I then tweeted back at him and the following occurred:
I then proceeded to GEEK THE FUCK OUT AND CALL EVERY IMPORTANT PERSON I KNOW THAT WOULD ANSWER A PHONE PAST MIDNIGHT.
There are two important facts you should know in order to fully understand why this is so mind blowing to me:
1) I saw this tweet literally 15 minutes after completing watching Friedkin’s newest film, Killer Joe, which I thought was out of control and incredible. A must watch for anyone that wants to see some sex, violence, and fried chicken. So fates collide…
2) The Exorcist is on my top 5 films of all time (a hard thing for a film buff to say), is my #1 horror film of all time, and is one of the pillars for my theories on filmmaking.
I recently started answering to the “What’s the one film you would make if you could make anything” question by saying: “Something that is seething with evil and gets burned into your soul. Something like The Exorcist.” I then go on about The Fear of God: The Making of “The Exorcist” and how the actual process of making the film was the important variable to its success. It was the fact that someone out there said, “You want to build the set inside of a freezer? OK.” It was the fact that a group of people said, “Forget the boundaries, we are the boundary-makers.” William Friedkin was and is fearless and look at where his films stand in the annals of history.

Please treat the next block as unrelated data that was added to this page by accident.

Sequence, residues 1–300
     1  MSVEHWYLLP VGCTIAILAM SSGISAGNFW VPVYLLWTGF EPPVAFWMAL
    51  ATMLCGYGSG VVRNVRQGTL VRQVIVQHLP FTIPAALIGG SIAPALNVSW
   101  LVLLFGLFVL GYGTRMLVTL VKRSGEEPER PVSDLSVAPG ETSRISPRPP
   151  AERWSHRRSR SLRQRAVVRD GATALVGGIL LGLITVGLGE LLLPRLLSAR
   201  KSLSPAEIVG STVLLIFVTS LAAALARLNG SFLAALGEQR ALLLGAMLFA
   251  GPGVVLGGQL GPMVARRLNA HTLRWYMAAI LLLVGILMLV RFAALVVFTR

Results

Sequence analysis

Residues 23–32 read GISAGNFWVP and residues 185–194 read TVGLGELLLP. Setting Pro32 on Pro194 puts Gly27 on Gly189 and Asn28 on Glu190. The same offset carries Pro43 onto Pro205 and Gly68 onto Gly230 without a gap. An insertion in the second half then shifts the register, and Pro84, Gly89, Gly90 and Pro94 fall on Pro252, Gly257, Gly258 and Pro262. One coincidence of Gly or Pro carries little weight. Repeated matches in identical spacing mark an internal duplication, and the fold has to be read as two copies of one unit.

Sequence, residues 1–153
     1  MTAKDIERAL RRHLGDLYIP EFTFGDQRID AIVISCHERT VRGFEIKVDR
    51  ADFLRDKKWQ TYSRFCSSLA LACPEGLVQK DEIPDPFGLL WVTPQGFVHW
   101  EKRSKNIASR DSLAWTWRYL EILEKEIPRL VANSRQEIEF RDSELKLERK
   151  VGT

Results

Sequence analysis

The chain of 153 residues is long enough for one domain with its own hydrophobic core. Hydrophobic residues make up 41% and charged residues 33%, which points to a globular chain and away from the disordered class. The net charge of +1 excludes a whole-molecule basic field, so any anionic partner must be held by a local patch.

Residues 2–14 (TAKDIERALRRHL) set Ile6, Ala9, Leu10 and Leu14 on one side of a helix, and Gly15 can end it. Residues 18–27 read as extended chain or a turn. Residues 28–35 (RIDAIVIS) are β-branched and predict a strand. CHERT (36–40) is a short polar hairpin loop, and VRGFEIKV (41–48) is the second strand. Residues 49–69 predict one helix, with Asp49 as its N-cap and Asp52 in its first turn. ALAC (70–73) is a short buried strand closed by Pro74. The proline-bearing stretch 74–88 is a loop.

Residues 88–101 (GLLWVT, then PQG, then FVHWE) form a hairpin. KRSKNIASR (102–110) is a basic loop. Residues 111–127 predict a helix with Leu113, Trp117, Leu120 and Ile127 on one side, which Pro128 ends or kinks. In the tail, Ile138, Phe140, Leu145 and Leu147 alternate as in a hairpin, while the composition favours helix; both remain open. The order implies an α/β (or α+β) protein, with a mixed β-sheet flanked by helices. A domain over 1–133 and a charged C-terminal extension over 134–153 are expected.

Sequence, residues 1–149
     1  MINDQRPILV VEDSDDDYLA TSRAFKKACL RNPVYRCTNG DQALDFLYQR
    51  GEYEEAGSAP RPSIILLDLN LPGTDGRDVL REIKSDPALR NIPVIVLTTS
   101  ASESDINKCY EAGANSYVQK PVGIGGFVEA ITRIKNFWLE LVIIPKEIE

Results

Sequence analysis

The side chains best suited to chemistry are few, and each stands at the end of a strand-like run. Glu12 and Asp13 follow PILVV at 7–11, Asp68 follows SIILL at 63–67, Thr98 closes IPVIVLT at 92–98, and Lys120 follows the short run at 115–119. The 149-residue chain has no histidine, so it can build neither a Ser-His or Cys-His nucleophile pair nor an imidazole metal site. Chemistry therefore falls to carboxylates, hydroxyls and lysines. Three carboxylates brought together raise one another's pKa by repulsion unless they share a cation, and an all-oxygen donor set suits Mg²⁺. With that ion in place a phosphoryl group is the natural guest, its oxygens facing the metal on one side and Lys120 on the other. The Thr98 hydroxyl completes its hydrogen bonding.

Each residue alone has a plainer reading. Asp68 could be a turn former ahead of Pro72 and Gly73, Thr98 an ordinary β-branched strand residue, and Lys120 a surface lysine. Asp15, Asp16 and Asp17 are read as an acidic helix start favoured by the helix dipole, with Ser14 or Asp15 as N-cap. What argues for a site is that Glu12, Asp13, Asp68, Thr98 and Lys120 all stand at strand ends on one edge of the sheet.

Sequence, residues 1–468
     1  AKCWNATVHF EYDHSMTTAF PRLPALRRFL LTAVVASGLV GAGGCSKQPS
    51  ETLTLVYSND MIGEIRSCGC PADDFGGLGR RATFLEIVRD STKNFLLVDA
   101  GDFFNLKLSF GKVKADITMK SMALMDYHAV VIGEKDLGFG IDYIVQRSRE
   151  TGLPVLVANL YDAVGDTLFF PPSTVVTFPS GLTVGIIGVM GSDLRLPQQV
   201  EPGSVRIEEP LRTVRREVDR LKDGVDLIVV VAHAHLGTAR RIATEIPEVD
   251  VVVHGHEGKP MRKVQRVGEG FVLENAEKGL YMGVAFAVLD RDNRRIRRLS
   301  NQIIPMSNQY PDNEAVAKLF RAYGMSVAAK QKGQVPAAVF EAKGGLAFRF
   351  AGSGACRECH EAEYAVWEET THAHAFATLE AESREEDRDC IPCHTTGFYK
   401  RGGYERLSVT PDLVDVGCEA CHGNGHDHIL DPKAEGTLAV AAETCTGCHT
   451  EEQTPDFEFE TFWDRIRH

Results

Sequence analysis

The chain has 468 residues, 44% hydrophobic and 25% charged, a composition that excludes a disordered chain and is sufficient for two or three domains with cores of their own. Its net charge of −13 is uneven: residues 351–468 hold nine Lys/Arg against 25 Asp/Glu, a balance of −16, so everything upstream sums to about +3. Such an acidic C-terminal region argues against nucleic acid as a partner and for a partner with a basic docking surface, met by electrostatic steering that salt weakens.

Producers: if you want your film to be generationally defining then you have to stop making stuff that the powers that be expect you to make. You are the content makers. You can’t forget that the direction of our industry hinges on what you want to create. If you hit mine or anyone else’s expectations for content creation I will be disappointed. I want you to exceed my expectations and make something that defies convention and causes revolution. Brad Feld recently posted that he ignores trends. We need to do the same thing. Then, and only then, might films like The Exorcist and Compliance become a common thing in indie film instead of rare gems.